At the Max Delbrück Center for Molecular Medicine in the Helmholtz Association (MDC), Dr. Alice Rossi is investigating why African naked mole-rats can withstand significantly lower oxygen levels than other mammals without suffering permanent organ damage. Her colleague Dr. Sampurna Chakrabarti is measuring the nerve cell activity that causes people to experience touch and pain.
The Alexander von Humboldt Foundation is now supporting both research projects with funding for two years. In addition to financing the two postdoctoral positions, the fellowships include funds for laboratory costs, the opportunity to take a German course, and participation in various Bayer Foundation seminars and networking events.
Cell metabolism during oxygen deficiency
Rossi’s work focuses on cell organelles – the mitochondria. These power generators produce the energy required for all cellular functions. If mammals do not take in enough oxygen from the air, their cells become undernourished and die. This can leave organs like the heart or brain with permanent damage. This mechanism is similar in all mammals – with one exception: naked mole-rats. The rodents live in underground caves, where there is little oxygen and a lot of carbon dioxide. “These animals have developed metabolic adaptations that allow them to fully recover from long periods of oxygen deprivation without their organs being affected,” explains Rossi. To achieve this, the rodents switch their cell metabolism from glucose to fructose and simultaneously turn off their mitochondria. This enables the cells to continue to function even in the absence of oxygen.
Rossi now wants to compare how mitochondria work with a normal oxygen supply and with a lack of oxygen. To do this, she is looking at the morphology and dynamics of mitochondria using advanced imaging techniques and measuring the oxygen consumption rate – one of the most important indices of their activity. Her findings could lead to the discovery of new therapeutic approaches in the treatment of strokes and heart failure. Since February 2019, the researcher has been working in the Molecular Physiology of Somatic Sensation Lab. Prior to coming to Berlin, she wrote her doctoral thesis on mitochondrial bioenergetics in Alzheimer’s disease at the University of Padua. Her fellowship is also supported by the Bayer Science and Education Foundation, her project will begin in March 2021.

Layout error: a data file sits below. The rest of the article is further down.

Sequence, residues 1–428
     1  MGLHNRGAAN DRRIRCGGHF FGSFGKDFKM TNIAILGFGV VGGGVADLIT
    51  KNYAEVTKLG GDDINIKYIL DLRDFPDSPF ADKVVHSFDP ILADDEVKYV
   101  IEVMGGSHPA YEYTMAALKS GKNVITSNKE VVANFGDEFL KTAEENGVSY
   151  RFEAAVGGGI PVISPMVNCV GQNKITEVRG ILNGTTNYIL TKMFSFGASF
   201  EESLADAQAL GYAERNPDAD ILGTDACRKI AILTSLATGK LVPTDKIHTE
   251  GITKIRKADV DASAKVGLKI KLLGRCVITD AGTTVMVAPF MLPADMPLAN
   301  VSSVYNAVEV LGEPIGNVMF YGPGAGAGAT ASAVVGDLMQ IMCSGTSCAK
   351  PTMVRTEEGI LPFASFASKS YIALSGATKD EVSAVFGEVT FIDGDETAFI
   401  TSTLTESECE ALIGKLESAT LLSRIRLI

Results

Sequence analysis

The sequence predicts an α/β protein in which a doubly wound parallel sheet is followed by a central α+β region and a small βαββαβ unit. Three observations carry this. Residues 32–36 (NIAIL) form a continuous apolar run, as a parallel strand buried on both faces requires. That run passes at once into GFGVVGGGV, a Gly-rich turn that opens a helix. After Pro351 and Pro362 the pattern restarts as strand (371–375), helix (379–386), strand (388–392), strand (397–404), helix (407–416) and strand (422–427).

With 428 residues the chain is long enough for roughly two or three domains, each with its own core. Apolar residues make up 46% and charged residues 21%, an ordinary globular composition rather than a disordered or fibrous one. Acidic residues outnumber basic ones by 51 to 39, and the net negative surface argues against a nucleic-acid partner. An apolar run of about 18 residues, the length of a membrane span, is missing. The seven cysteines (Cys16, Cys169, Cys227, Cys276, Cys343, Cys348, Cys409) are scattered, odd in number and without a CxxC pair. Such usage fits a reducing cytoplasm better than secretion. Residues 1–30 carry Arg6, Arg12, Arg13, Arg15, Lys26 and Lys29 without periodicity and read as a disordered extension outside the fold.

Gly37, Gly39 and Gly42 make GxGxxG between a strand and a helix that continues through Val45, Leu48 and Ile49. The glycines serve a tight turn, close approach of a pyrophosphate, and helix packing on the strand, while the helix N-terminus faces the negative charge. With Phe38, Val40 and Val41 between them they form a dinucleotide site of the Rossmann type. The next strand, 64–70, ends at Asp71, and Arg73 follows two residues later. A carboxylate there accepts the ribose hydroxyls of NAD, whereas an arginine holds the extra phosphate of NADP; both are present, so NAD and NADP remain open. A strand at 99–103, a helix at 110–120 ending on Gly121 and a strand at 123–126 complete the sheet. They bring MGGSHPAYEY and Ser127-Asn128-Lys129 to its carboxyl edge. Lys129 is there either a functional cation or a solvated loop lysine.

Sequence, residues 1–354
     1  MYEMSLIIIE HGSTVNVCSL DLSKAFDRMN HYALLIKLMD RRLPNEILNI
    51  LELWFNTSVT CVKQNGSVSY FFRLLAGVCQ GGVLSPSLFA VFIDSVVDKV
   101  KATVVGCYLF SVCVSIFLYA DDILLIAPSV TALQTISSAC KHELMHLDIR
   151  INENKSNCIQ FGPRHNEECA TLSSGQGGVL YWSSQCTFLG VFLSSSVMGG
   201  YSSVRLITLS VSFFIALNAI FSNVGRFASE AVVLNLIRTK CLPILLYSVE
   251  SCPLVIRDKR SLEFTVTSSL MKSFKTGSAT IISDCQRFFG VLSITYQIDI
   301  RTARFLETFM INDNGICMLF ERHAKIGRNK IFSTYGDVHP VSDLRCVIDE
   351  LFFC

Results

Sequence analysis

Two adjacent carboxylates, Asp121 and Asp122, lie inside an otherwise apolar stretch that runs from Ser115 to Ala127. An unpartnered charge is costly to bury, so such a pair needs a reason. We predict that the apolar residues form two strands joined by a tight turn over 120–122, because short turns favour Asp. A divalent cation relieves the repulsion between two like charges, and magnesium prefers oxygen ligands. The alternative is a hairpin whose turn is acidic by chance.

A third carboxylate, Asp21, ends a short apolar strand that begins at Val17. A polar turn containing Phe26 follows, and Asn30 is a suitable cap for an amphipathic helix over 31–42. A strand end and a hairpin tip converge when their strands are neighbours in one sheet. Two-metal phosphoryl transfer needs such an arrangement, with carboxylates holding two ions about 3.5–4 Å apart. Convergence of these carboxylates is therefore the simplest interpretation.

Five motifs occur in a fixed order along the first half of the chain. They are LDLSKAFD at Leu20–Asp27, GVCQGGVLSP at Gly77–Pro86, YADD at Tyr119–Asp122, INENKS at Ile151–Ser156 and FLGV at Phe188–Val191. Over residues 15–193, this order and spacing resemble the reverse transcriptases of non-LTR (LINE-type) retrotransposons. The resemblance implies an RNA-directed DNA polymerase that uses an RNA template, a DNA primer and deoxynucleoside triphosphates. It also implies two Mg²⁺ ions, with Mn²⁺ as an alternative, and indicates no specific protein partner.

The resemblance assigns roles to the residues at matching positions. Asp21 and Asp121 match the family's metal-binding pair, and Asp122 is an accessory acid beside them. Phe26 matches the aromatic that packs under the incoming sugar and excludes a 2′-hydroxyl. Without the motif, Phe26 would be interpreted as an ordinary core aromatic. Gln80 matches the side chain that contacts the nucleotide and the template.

The electrophysiology of somatic-sensory perception
The human body can perceive a wide range of touch sensations. The sensation of a gentle stroking or a painful pinch is the result of ion channels in the body converting mechanical stimuli, such as pressure, into electrical signals. Researchers have already discovered a few of these ion channels, but they assume that many more exist. “I am interested in identifying the as-yet-undiscovered ion channels that are involved in the sense of touch,” says Chakrabarti, who will start the project in December 2020.
The Lewin group, in which Chakrabarti is a member of since the beginning of the year, has been investigating the perception of pain in mammals for several years. The postdoc suspects that at some point in the future, these unknown molecules and ion channels could be used for targeted pain relief. Chakrabarti’s findings may open new possibilities for the treatment of patients with chronic pain.
Chakrabarti is primarily using electrophysiological tests to identify unknown ion channels. She had previously researched pain in osteoarthritis and measured the electrical activity of nerves as part of her doctoral thesis at the University of Cambridge. More than 200 years ago, Alexander von Humboldt used electrophysiology to investigate the activity of nerve and muscle cells – now, Chakrabarti and Rossi are able to fund their research with the fellowship that bears his name.